Bitcoin Could Lose Half its Value Facing Coordinated 51% Attack

Speculation that the Bitcoin Unlimited (BU) Project is planning something big; possibly a 51% attack, may becoming a reality.

The project’s members might be planning to start larger blocks of bitcoin in an attempt to create a new blockchain. If they were to succeed the BU miners might be able to create a new cryptocurrency.

Investors should pay close attention to this because it might result in a hard fork, or a coin split that has the potential to cut the price of bitcoin by 50%. Such an event would be huge, a hard fork would effectively cut the price of bitcoin in half.

One bitcoin was trading for $1,032.09 on March 29, 2017, according to Coinbase, that would cut the price to $516.05. If it were to occur that would cause an almost immediate collapse of the bitcoin market because thousands of investors would pull out.

One result of such a split would be to boost the price of ethereum, which is already skyrocketing. Ethereum was trading at $52.45 a coin on March 29, 2017, as recently as January 31, it was trading for $10.57 each.

What Does Bitcoin Unlimited Want?

The Bitcoin Unlimited Project is an open-sourced effort to build a mining platform. The platform is supposed to respond real world market conditions and is designed to be scaled up fast.

The BU platform currently rejects any block larger than 4MB unless the chain is four blocks deep. The idea behind that is to make the market competitive for smaller markets.

One goal of Bitcoin Unlimited is to create a new standard for bitcoin. Some of BU’s promoters have been proposing a major attack on the original bitcoin blockchain.

“It would be even more destructive to mine an 11-block-long empty chain, then wait until the slow chain gets nine blocks until announcing it to the network,” Gavin Andersen, the former lead developer for BU wrote on Reddit. Even though Andersen apparently is not involved in Bitcoin anymore he seems to be promoting a plan to crash some of the bigger wallets and exchanges.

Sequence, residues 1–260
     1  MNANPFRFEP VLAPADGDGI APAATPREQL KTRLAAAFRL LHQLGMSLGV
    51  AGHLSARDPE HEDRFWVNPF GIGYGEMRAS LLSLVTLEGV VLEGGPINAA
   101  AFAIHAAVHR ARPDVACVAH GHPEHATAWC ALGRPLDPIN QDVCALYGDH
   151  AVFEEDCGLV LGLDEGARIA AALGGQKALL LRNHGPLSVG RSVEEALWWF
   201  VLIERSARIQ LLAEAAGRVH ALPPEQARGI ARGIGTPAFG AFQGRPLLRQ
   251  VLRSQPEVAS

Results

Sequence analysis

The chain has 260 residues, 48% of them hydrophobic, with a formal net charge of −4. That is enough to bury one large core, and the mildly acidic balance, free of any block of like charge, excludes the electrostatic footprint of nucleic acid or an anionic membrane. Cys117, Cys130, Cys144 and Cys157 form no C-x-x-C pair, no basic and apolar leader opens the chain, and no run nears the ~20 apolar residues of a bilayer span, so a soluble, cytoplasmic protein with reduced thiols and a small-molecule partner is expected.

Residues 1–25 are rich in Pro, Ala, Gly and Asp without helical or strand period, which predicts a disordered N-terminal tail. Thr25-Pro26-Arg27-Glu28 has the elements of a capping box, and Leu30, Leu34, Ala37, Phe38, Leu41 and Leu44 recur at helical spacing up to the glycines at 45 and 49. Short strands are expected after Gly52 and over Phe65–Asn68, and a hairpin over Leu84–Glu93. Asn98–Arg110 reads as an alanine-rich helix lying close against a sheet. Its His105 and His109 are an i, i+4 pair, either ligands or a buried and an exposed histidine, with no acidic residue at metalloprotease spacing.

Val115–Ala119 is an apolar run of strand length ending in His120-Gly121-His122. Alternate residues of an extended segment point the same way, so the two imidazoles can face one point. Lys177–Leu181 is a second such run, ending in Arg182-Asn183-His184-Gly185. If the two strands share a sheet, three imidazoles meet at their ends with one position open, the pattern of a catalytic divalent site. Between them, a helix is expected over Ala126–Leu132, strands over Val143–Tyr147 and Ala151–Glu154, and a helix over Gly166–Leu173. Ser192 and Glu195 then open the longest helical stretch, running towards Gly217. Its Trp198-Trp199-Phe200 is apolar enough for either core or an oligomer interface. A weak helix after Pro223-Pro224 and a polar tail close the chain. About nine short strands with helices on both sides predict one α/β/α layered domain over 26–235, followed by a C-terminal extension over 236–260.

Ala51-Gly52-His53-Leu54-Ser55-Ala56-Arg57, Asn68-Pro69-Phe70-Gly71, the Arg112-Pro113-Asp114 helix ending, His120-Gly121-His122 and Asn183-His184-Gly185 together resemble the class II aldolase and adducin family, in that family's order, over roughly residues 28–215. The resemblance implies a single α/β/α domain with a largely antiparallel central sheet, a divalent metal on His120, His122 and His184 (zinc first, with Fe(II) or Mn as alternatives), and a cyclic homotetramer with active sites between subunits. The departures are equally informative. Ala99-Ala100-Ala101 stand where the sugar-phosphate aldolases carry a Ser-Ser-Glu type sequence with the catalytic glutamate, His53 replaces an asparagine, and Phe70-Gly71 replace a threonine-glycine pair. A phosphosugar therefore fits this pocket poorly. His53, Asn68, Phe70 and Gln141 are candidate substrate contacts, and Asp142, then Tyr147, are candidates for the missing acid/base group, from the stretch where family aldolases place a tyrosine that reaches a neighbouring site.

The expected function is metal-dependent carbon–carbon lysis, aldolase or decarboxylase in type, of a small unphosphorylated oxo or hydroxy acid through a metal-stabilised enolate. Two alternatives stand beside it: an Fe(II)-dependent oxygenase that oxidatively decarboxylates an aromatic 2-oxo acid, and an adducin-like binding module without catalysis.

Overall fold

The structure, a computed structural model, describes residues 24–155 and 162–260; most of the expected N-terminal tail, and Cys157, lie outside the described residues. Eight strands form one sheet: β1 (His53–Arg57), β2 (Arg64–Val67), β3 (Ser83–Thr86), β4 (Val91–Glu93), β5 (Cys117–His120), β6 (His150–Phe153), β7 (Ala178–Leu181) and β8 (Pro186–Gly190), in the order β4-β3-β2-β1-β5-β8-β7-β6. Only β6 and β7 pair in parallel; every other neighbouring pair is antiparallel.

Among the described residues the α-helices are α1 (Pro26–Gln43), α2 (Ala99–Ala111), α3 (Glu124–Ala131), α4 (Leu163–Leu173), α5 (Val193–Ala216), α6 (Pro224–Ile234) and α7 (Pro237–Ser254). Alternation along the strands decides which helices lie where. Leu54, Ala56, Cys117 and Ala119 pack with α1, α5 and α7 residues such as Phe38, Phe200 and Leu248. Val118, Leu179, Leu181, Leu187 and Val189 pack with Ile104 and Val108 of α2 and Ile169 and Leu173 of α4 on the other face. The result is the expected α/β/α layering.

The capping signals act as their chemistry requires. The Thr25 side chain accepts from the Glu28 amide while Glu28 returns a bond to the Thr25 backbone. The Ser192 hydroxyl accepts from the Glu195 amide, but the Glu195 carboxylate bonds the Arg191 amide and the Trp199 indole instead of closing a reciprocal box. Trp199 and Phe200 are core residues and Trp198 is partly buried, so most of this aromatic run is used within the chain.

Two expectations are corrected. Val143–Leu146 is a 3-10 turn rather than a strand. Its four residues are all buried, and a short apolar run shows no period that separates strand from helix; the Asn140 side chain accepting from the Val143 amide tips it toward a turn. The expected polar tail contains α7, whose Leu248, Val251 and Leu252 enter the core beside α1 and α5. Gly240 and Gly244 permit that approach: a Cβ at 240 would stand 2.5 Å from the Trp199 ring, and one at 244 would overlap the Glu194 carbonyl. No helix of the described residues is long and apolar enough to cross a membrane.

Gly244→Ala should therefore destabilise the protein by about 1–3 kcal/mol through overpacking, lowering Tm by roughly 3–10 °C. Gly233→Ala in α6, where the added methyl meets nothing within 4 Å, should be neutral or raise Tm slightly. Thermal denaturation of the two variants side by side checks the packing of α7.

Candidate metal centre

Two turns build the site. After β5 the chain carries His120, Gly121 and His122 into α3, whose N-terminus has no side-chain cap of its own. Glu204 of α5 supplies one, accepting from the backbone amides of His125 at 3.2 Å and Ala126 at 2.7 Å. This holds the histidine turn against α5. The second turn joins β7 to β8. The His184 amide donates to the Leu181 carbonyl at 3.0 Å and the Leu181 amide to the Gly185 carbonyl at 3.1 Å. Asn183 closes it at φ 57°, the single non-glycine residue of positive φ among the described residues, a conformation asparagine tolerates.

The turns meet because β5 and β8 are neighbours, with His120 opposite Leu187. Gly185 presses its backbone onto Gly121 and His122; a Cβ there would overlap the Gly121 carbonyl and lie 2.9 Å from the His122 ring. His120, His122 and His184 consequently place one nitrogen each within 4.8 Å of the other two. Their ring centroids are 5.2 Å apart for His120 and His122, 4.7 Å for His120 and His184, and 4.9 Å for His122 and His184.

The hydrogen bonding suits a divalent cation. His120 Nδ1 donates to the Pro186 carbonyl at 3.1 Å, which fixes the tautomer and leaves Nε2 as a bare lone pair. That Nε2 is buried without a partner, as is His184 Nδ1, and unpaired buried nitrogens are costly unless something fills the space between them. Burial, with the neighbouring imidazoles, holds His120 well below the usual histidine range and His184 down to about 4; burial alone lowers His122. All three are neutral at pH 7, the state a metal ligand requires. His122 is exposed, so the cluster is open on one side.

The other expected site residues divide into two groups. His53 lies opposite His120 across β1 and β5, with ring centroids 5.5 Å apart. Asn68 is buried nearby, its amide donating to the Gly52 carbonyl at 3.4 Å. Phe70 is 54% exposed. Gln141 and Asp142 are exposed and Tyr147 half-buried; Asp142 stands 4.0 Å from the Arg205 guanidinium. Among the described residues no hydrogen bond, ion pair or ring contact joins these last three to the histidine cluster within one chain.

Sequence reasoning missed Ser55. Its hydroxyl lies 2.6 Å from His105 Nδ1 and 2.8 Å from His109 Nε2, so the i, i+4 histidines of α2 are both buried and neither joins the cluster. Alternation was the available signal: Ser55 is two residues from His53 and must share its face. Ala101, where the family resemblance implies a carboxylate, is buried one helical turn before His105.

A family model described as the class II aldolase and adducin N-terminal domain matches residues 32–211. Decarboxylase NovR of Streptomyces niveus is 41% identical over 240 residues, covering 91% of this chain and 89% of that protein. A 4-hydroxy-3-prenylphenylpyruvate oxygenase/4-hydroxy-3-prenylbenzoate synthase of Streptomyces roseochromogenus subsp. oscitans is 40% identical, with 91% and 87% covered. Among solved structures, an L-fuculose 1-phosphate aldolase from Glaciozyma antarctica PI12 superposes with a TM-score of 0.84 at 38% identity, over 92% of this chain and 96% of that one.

“It would be impossible for exchanges to know how many confirmations were safe for deposits and would be a nightmare for their withdrawal accounting,” Andersen claimed on Reddit. “I am not even sure this kind of thing should be considered immoral — majority hashpower acting selfishly for their own economic benefit (both short and long term) is the basic incentive structure that makes Bitcoin work.”

The interesting question is whether the Bitcoin Unlimited community will actually go along with Andersen’s proposal or not. Since he is not directly involved with BU right now, his level of influence is not known.

One potential danger is that unscrupulous speculators might try to implement his plan in an effort to short bitcoin. Shorting occurs when an investor bets that an instrument such a stock or a currency is about to drop in value.

Is BU Chief Scientist Planning a “Hard Fork?”

Bitcoin Unlimited’s self-proclaimed “Chief Scientist” Peter R. Rizun has been promoting the idea of a Hardfork because he thinks Bitcoin’s growth has hit a wall. In a Medium Post Rizun wrote that there’s an invisible wall restricting blocks to a size of 1MB.